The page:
Vehicle technology continues to develop at an increasingly rapid rate and, as a result, business transport is set to change dramatically over the coming years. Jon Maycock, managing director, asset finance, at Hampshire Trust Bank, gives an overview of how smaller operators can benefit.
So, how do SMEs – the engines of the UK economy – navigate the multiple changes in vehicle technology in order to help drive future growth?
In a bid to tackle air pollution, the government plans to end sales of new petrol and diesel cars from 2040, meaning the existing infrastructure network will be increasingly adapted to support the new technology. We believe firms should think about how they can invest in supporting their future vehicle needs now.
Furthermore, through recent SMMT statistics, we have seen a 17% drop in demand for diesels in 2017, and a 35% increase in demand for electric vehicles. These statistics have seen calls from some quarters for the government to introduce a diesel-for-electric trade-in scheme.
The changes to accommodate new transport requirements are already well underway.
Indeed, as part of the Autumn Budget, the government reiterated its commitment to electric vehicles, announcing significant investment in charging infrastructure and extending the Plug-In Car Grant to 2020 to help consumers with the cost of purchasing new electric and hybrid vehicles.
The investment in electric vehicles appears to be working. According to the latest SMMT figures, appetite for alternatively fuelled vehicles has reached a record high, with UK consumers buying more plug-in cars than anywhere else in Europe. This trend is set to filter through to commercial vehicles, with electric taxis already on the streets in the capital and Royal Mail starting to trial electric vans of varying sizes. We expect other businesses to follow suit.
In addition, while the reality of driverless transport may be further away for most SMEs, it is no longer a sci-fi fantasy.
In the Autumn Budget, the government stated its commitment to having driverless vehicles on UK roads by 2021. In order to support this, regulation and infrastructure will be revised. In the future, driving – or not driving, should I say – could be a totally different experience that it is today.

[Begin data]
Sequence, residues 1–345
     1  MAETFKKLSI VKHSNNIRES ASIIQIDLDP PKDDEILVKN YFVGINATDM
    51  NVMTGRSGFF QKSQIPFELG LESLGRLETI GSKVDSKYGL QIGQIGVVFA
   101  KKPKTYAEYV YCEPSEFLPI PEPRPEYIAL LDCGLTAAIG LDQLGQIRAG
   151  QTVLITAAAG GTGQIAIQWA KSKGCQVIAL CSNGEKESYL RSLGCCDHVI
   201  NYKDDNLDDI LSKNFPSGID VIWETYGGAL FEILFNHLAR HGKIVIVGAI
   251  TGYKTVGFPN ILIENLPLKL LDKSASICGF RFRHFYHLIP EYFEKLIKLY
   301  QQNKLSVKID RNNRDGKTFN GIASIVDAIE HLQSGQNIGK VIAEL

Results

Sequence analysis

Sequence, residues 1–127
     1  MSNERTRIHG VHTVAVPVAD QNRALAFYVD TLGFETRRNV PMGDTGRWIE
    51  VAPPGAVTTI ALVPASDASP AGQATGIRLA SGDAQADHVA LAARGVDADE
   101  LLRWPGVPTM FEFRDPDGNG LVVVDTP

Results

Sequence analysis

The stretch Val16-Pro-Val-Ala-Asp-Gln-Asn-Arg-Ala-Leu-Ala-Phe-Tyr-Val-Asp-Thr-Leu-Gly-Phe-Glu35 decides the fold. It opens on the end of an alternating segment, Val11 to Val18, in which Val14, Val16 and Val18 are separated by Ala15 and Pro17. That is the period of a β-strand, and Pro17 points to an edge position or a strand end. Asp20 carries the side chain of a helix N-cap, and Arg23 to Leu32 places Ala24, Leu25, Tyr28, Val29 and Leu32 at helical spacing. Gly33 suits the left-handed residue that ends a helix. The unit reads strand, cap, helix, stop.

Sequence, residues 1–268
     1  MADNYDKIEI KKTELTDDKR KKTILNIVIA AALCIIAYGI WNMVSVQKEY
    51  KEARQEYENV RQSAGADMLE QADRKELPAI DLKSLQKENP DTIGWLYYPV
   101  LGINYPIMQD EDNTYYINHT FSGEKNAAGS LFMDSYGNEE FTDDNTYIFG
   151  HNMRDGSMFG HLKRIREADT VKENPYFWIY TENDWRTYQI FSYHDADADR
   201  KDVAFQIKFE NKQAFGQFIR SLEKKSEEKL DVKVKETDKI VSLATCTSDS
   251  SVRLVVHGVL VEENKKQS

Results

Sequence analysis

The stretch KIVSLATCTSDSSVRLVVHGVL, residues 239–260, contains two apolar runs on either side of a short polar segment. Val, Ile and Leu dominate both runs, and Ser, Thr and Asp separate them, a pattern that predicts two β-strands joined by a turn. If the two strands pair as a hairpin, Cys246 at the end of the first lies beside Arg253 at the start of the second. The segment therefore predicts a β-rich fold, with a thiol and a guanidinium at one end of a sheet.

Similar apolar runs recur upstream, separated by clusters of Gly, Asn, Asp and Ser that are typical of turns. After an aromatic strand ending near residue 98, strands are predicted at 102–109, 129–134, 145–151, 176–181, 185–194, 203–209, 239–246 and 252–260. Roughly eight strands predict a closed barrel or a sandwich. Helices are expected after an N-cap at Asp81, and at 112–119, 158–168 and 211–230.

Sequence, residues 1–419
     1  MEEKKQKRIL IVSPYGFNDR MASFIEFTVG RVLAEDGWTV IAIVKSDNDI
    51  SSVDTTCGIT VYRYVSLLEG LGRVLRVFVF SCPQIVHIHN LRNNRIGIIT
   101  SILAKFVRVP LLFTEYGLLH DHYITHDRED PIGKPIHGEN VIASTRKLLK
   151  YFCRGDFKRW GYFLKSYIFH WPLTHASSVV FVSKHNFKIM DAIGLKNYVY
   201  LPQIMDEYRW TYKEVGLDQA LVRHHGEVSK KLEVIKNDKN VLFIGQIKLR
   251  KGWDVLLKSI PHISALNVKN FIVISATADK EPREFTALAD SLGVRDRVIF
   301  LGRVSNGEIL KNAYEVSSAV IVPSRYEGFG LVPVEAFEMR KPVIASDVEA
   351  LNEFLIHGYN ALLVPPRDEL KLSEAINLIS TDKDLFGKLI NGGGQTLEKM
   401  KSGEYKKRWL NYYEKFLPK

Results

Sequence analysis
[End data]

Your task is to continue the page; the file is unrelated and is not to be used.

We are already seeing an increase in driverless vehicles trials, with the idea quickly becoming more tangible for businesses across the country. The Driven consortium is currently working on a project, backed by £8.6m of government funding, which will see autonomous vehicles travelling between London and Oxford by 2019. The same technology is being used by the business world, with online supermarket Ocado trialling deliveries with driverless vans.
While this technology may not be relevant for all types of business, SMEs and the brokers that help support their funding needs, should keep up-to-date with developments.
In addition, lenders must ensure they can provide the necessary underwriting expertise so these vehicles can get on the road. Whether businesses opt to go driverless or not in the future, the technology underpinning this innovation is likely to find its way into most vehicles in the years to come.
Regardless of the extent to which this technology is adopted, and at what pace, there is no doubt that driverless transport will significantly alter the landscape of how firms meet customer delivery needs.
We know consumers already demand deliveries of goods and services within a 24-hour timeframe – how will driverless transport change this? For example, if there is no need for rest stops, will an eight-hour delivery window become the new expectation for businesses to meet? And with no need for holidays, will we come to expect deliveries on weekends and bank holidays?
There could also be business benefits. Adoption of autonomous driving cars could also bring a time advantage, freeing employees to catch up with phone calls and emails, read business reports or think of their next big business idea.
While there may be some questions about how this plays out in reality, it is expected that road safety could improve, meaning reduced repair bills, potentially lower insurance and happier, healthier staff.
What is clear is that transport is changing and SMEs need to get on board to ensure they are not left behind by the competition. Firms should stay close to their customers so they understand expectations when it comes to the delivery of goods and services and, in turn, brokers and lenders should stay close to their customers to help ensure they have access to the finance they need to invest in future transport.
By working together, we believe we can keep driving growth in the SME sector.